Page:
California measure AB 535 attacks protected commercial speech and federally registered and protected trademarks, including the state’s largest grower California Olive Ranch
If passed, AB 535 sets a dangerous precedent for other industries in the state of California
JUNE 14, 2021 - A growing number of California olive oil farmers, millers, industry professionals, and retailers are raising their voices in opposition to California Assemblymember Cecilia Aguiar-Curry’s overly restrictive olive oil labeling legislation, AB 535. As it is currently written, AB 535 criminalizes the selling of olive oil with truthful and accurate brand names containing geographical terms and establishes a concerning precedent for regulating businesses with geographic names and trademarks in other food and agriculture industries.
The proposed bill would make selling products with geographical names or trademarks a misdemeanor and risk criminal penalties for retailers and store employees selling such products.
“As a diversified organic farmer of many crops including olives, fruit and nuts, this bill would negatively impact our – and many other farmers’ – current operations by placing unnecessary regulations on what is an essential, but also tenuous, industry,” said Vincent Ricchiuti of Enzo Olive Oil Company. “This bill does a disservice to the consumer by assuming that they cannot easily discern between a brand name and clear labeling of country of origin while creating a dangerous precedent for the future of farming in California."
Several of the state’s county farm bureaus, as far south as Fresno and as north as Glenn and Tehama counties, share similar concerns and have lent their voices in opposition. Other California olive oil farmers, millers, industry professionals, and retailers who have joined the coalition opposing AB 535 include the California Retailers Association, The Mill at Kings River, Knaughty Farms, Corning Olive Oil Company, Enzo Olive Oil Company/P-R Farms, California Olive Ranch, Imperial Olive Mill, Cal Harvest Marketing, The Olive Oil Factory, Alfa Laval, Apex, Valley Farm Transport, Wawona Frozen Foods, and the Fresno Chamber of Commerce, among others.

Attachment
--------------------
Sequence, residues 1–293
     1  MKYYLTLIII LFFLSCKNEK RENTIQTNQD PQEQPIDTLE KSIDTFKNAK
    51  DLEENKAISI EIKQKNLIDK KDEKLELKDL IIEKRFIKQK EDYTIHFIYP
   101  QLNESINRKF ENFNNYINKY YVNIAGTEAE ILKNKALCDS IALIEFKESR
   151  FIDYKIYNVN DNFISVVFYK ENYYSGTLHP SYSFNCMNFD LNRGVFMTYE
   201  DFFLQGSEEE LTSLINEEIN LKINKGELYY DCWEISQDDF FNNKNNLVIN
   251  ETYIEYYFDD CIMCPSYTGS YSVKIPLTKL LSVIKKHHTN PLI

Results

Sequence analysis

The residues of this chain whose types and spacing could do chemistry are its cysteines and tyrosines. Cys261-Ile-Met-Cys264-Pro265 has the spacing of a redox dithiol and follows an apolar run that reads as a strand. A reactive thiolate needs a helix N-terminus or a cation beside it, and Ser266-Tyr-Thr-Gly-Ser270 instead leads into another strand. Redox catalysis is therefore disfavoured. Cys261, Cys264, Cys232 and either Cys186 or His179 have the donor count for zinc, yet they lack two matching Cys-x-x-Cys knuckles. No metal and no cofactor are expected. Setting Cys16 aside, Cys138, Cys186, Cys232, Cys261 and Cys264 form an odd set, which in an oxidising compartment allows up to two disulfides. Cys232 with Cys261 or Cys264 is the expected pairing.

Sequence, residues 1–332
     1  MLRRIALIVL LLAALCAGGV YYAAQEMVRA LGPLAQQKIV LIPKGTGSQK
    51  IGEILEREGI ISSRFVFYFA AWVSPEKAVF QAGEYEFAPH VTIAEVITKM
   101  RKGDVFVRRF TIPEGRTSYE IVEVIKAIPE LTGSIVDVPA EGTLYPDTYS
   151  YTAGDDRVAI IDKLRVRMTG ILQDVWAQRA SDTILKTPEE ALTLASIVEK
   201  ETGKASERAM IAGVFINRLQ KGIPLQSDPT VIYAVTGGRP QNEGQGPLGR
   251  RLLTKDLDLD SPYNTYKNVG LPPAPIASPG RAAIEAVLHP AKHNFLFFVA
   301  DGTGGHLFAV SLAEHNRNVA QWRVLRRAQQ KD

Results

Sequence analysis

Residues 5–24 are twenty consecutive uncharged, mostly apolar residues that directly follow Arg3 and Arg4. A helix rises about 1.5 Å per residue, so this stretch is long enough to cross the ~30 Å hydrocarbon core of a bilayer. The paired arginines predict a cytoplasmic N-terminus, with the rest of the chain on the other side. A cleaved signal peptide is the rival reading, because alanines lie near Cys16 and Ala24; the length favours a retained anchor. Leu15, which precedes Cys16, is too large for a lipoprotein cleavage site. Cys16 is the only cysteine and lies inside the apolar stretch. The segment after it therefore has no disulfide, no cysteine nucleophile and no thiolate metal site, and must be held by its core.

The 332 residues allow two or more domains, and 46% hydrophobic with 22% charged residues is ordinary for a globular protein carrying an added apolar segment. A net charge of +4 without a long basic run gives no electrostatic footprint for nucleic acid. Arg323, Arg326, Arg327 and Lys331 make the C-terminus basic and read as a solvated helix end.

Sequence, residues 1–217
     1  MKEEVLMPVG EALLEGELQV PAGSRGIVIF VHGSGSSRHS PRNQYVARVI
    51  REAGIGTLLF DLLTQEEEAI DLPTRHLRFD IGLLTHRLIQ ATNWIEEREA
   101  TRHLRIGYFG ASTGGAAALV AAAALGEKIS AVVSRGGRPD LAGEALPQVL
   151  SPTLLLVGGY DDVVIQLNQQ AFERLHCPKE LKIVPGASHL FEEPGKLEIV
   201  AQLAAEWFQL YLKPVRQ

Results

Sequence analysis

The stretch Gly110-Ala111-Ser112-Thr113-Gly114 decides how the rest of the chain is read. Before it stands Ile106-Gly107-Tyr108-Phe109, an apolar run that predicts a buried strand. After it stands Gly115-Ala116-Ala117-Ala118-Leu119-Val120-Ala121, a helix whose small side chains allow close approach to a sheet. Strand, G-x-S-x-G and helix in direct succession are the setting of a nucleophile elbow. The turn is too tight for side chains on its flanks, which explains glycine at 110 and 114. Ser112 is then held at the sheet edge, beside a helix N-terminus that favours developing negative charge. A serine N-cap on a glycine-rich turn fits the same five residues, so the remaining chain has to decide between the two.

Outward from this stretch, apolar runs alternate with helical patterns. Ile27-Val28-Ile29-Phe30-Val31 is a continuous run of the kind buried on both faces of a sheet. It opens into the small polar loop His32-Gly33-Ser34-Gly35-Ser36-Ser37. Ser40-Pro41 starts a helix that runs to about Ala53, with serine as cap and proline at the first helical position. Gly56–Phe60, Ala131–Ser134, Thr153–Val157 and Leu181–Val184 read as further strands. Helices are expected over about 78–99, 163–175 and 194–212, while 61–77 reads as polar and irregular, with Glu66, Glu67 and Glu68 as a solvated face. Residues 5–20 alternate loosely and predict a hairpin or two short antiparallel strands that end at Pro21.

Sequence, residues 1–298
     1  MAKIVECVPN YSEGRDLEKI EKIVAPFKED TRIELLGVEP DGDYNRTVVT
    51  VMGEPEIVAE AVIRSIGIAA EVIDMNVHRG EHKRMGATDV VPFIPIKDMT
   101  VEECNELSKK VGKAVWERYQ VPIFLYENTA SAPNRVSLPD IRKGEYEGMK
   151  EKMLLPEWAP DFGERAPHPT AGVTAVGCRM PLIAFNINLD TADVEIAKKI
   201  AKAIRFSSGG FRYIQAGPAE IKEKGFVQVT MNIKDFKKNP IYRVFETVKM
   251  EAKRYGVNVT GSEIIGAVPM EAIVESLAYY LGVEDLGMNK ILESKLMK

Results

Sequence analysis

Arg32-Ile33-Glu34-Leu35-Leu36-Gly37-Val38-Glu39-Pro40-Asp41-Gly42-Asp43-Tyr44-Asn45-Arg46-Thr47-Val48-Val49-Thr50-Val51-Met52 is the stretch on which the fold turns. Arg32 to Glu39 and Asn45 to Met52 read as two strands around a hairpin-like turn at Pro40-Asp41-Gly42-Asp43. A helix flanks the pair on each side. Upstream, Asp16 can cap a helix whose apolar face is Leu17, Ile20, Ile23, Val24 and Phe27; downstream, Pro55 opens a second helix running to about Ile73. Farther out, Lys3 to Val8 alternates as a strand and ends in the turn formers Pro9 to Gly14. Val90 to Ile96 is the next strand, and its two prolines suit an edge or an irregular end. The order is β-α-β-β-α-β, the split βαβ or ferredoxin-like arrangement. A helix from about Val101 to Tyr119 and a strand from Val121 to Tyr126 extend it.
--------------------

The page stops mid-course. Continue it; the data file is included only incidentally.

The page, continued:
“As the largest farmer of California olives for olive oil, no one understands the challenges of adhering to California’s strict regulations and labor practices better than we do,” said Michael Fox, the CEO of California Olive Ranch. “For the California olive oil industry to be successful, we don’t need AB 535, we need to attract new customers with innovative thinking like high-quality blends that allow us to bring award-winning oils to consumers at accessible price points.”
The expanding coalition has suggested amendments to Assembly Member Aguiar-Curry’s office that would address their concerns with AB-535’s provisions that seek to limit federally protected commercial speech.
“New amendments can bring California law into compliance with federal law, ensure consumer transparency, and avoid costly litigation and federal challenges, which no one wants,” said Ricchiuti. “We need to focus our efforts on continuing to move the industry forward, not restrain its growth with overly restrictive laws that will negatively impact consumers who will not benefit from high-quality olive oil at a price point they can access.”